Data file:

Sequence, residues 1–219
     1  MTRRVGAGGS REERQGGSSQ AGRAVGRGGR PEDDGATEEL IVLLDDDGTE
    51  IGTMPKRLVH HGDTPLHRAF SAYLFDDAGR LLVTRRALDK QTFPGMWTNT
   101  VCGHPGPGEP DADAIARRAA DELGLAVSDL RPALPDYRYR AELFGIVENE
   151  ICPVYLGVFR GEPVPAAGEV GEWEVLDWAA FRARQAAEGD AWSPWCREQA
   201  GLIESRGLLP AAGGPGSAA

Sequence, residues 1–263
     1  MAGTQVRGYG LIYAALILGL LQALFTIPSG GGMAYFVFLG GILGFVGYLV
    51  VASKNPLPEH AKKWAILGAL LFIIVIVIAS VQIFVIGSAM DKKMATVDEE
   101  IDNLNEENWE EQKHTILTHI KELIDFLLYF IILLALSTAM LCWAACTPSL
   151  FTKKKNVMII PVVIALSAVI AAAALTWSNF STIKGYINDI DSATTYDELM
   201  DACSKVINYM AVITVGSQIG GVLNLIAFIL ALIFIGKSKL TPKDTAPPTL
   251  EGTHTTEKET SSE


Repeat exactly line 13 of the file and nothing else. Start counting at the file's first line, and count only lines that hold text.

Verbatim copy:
   251  EGTHTTEKET SSE